Rhythmic: Antonio García explains how culture and language strongly influence Latin music – VCU News
Antonio GarcÃa believes that the key to appreciating the music of another culture is to learn the culture and language that influences the music.
âAll music comes from people and all people have a culture and a language,â said GarcÃa, director of jazz studies and trombone instructor, small jazz ensemble, jazz theory and the music industry at the Virginia Commonwealth University School of the Arts.
GarcÃa, who has worked as a freelance trombonist, bass trombonist or pianist with more than 70 nationally renowned artists including Ella Fitzgerald, Doc Severinsen and Phil Collins, bases his philosophy in part on his own experiences growing up with different cultural influences. . The son of a mother from Iowa and a father from Puerto Rico, GarcÃa and his family lived in New Orleans, where the sound of jazz and Latin-inspired music permeated every corner of the city.
âI didn’t grow up knowing music. But by studying it formally and performing it professionally, I learned the language and culture through music, which gave me more respect for the heritage, âGarcÃa said.
GarcÃa is a longtime student of jazz and Latin music, a genre that represents diverse styles, cultures and geographic influences. It includes music from Latin America, Spain and the United States.
âIt’s hard to define jazz now after more than 100 years,â he said. âIt’s like a vacuum cleaner. It sucks the influences of all music.
âThere are the Afro-Cuban street rhythms of New Orleans,â he said. âBrazilian music is influenced by French and Afro-Cuban. In Brazil, besides the indigenous population, the country had more enslaved individuals than the United States at the height of slavery. It’s just a way the music of a country is influenced.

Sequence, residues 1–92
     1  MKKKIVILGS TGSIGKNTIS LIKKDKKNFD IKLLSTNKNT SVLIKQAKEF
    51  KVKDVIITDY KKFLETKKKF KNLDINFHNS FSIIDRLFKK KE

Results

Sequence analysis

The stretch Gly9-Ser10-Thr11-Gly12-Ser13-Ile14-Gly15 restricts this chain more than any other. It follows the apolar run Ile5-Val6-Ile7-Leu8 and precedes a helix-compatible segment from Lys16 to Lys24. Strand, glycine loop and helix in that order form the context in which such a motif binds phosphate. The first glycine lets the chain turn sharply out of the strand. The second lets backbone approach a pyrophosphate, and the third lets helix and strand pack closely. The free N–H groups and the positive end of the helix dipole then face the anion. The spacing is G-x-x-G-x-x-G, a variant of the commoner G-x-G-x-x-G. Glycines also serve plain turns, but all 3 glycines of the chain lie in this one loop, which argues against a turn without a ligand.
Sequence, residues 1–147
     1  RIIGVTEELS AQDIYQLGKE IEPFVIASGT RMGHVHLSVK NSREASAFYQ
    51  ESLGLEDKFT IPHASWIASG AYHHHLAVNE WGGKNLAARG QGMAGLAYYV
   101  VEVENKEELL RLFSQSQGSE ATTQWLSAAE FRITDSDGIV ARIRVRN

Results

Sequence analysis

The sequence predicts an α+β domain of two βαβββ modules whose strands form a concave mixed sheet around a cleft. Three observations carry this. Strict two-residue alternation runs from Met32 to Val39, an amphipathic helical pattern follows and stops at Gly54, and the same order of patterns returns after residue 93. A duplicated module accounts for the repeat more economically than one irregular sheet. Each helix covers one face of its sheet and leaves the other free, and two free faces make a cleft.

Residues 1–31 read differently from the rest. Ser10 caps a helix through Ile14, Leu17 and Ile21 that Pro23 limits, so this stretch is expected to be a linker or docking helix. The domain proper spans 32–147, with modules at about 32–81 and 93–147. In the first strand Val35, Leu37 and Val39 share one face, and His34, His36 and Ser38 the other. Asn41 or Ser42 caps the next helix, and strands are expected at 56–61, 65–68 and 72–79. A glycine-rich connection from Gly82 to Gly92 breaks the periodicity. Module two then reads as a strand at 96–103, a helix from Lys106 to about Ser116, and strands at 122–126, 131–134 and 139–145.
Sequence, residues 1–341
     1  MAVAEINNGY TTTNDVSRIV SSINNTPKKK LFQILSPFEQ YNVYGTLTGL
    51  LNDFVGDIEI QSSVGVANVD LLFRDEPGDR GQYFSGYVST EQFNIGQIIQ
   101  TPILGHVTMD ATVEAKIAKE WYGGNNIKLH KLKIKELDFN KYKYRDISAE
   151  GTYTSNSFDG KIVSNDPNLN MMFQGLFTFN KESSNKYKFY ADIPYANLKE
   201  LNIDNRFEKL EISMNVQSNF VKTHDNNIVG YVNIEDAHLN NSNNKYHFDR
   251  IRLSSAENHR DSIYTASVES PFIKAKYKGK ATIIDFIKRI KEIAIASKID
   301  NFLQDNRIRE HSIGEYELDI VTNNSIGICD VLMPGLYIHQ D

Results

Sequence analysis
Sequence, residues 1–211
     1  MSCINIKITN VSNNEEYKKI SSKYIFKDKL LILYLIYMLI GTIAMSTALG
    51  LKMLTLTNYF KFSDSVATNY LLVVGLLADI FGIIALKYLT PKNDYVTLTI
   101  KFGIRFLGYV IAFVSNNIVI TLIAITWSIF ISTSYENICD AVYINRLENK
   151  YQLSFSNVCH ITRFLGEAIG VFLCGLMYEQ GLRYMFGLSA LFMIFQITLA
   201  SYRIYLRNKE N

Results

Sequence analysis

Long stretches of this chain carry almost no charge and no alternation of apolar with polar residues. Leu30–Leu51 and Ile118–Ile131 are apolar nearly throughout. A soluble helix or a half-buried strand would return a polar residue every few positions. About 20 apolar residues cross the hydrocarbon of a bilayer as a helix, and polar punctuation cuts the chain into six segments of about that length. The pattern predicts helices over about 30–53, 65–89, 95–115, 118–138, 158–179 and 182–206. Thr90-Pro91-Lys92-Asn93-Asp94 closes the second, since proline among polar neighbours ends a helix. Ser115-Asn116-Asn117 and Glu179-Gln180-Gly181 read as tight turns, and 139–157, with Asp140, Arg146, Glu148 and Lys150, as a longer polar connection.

Listen to the beat
The rhythms of Latin music are equally varied and influence dance music such as salsa.
âBrazilian music has countless rhythmic variations,â GarcÃa said. âYou have bossa nova and samba. There are easily eight varieties in these two categories. You have Colombian jazz or the rhythms of Venezuela or the Salvadorian rhythms.
Puerto Rican bomba rhythms, which are rooted in Puerto Rican history of the African slave trade and the plena, a dance that originated in Puerto Rico, are very popular in New York City, GarcÃa said.
Latin rhythms are also found in the music of many singers such as Shakira, Santana and Beyonce.
âYou can’t listen to 20 minutes of pop radio that isn’t hugely influenced by the grooves of Latin music or Latin jazz, which is increasingly becoming world music,â GarcÃa said. âYou will find great Afro-Cuban music performed in Japan. “
GarcÃa, a research faculty member at the University of KwaZulu-Natal (Durban, South Africa), likes to involve his students and familiarize them with different cultures.
It has hosted guest artists in class like musician Tito Puente and has occasionally taken students to South Africa, which is “the musical heart of everything,” he said.
âWe visit people in their homes and cities. We go on safari. You can stand in the great plains of Africa and hear percussion instruments through birds and animals. Everything from the food to the architecture to the rhythm of the language emerges in the music. It helps the music to have more meaning, âhe said.
Understanding how culture influences music is different from just learning music, he said.
âMusic is rarely written just to be beautiful. It’s written to express something and promote language and culture, âGarcÃa said.
Music, he added, is a “trip of a lifetime”.
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